When asking for consent, there needs to be the following considerations:

  1. How well do you know this person? Is it your first time meeting them, or have you known them a long time? What sort of relationship do you have with them? Do you know what sort of activities they are comfortable with?
  2. How does the other person express a “yes” or “no” with their words or actions? Can you yourself recognize them?
  3. Does the person you are asking know all of what they are agreeing to?
  4. Is the person you are asking consent from in an alert, sober, conscious and sane state of mind to understand what you are asking of them?

When we reflect on our relationships with other people, and the sort of agreements we have with them because of our relationship to them, we can better understand how asking for and receiving consent will work with them.

Consent- Easy as FRIES and OYMY

Consent needs to be enthusiastic, specific and informed. It also needs to be reversible—someone can say “yes” but can say “no” later if they change their mind—and freely given. We do not force someone to say “yes.” Rearranging these words can give us the term FRIES, an easy way to remember the parts of consent.

Another way to remember consent is with the term “Only Yes Means Yes.” CASASC has adapted this term into a series of posters under the “Only Yes Means Yes (OYMY)” campaign. More information on the campaign can be found here: https://casasc.ca/only-yes-means-yes-when-it-comes-to-consent/. If you are interested in posters for your business or organization, you can reach out to CASASC’s EDU Team at education@casasc.ca.

Consent is an everyday practise and can be a way to honor and show respect and safety in our relationships and community.

Kailee Burkinshaw is a prevention educator with the Central Alberta Sexual Assault Support Centre.

The importance of prevention

By Bailey Martineau

The Importance of Prevention:

Welcome to prevention education. We’re so glad that you have found us! You may be wondering what ‘prevention education’ is and why is it important for you, your children, grandchildren, and all school children.  Well, you have come to the right place!  This blog will explore the importance of prevention, why we provide prevention education, and why it is needed in our schools.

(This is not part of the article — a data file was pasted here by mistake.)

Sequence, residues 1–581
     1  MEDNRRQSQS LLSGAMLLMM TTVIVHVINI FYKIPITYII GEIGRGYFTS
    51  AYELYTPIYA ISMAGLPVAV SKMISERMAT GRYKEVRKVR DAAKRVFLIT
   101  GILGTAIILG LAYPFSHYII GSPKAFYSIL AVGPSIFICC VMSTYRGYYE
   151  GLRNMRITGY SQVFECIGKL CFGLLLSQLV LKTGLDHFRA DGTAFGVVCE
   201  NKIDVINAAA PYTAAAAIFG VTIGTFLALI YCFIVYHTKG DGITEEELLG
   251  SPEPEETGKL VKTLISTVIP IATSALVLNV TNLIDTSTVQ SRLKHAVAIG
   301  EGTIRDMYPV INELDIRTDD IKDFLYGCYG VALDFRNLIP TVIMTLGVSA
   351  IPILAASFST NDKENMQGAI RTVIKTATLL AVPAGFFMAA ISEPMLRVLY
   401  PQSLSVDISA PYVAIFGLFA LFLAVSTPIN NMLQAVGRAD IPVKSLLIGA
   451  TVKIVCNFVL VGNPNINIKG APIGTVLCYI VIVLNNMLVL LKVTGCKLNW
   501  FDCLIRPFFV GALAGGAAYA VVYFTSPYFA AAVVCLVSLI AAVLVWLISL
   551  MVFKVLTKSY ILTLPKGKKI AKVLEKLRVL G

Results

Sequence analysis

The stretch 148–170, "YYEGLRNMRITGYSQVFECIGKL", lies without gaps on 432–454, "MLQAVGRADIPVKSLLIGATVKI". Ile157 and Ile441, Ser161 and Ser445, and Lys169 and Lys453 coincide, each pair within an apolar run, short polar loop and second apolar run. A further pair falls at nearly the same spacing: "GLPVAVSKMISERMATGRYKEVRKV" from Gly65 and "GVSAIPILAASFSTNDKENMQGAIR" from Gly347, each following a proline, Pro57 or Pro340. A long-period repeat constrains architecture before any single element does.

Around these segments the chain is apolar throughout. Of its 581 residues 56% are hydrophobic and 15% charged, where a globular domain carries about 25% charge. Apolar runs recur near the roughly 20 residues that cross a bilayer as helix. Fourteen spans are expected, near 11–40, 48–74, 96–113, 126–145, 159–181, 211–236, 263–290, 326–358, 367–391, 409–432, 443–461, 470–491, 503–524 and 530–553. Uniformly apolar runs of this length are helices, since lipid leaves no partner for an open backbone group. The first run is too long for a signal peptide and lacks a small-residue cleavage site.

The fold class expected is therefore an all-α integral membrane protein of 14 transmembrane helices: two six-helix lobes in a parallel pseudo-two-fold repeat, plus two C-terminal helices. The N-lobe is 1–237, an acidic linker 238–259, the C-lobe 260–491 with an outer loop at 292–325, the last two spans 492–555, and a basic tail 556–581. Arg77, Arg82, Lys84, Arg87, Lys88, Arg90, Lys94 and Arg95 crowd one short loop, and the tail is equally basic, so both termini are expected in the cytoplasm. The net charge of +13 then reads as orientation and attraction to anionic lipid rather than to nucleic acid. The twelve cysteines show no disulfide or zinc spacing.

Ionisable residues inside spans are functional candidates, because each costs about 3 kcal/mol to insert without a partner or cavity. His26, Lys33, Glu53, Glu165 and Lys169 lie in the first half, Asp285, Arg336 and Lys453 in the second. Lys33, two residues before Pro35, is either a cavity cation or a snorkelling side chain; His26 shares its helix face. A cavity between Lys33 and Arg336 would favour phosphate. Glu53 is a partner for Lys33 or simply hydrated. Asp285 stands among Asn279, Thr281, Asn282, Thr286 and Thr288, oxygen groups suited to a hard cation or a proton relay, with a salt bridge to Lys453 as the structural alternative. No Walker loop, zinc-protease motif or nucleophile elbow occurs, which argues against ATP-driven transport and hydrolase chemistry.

If you are new to Central Alberta, CASASC has a dedicated education team that specializes in the prevention of childhood sexual abuse. You can find more information about our programs and/or book us to deliver our program to your organization at education@casasc.ca.

Now, on to explaining the importance of prevention.

As a former preschool teacher, I witnessed firsthand the impact of sexual abuse on a child. Children under the age of five do not have the developmental ability to discern when someone’s motives are insincere or when someone is lying.  So, if they feel uncomfortable with something that has happened to them, they typically will tell someone they trust.  These ‘disclosures may occur during, dramatic play, reading a book, or even during one-on-one time. Students usually came to me during free play time, when colouring, or just quietly reading books – and they would share what happened that is making them uncomfortable.  Oftentimes, nothing needed to be said as it was clear in the child’s demeanor when dropped off at school by their guardian.  As adults who know and understand the signs of abuse, we need to be the voice and advocate for children who don’t understand what is happening to them.

If you are fortunate enough to have a child trust you enough that they come to you and tell you something that happened to them, you should feel honoured; this means that you are a safe person for that child. No need to feel scared. That child chose you to help them! Having an understanding of prevention is so important so you know how you can do to help that child.

The signs of childhood sexual abuse are not always obvious and as a result, it is important to learn the signs and symptoms so that early action can be taken, thereby ending or preventing abuse.

Prevention is important to everyone – and the best prevention is education.  We make sure everyone is aware of the elements of body safety. Children need to understand what consent is and how to impose body boundaries that they are comfortable with.  Prevention education empowers everyone in positive ways.

Have you ever wondered about the steps involved in prevention education?  Following are some steps that we, as a community, can take.

  1. Act: Do something. As a community, we need to act. If you’re reading this, you’re probably wondering what you can do to prevent childhood sexual abuse. We must counteract it with kindness, grace, practice, and most importantly, believing the child/youth if they come to talk to you about it. If you know – or even suspect – childhood sexual abuse, it’s your responsibility (and the law!) to report it immediately.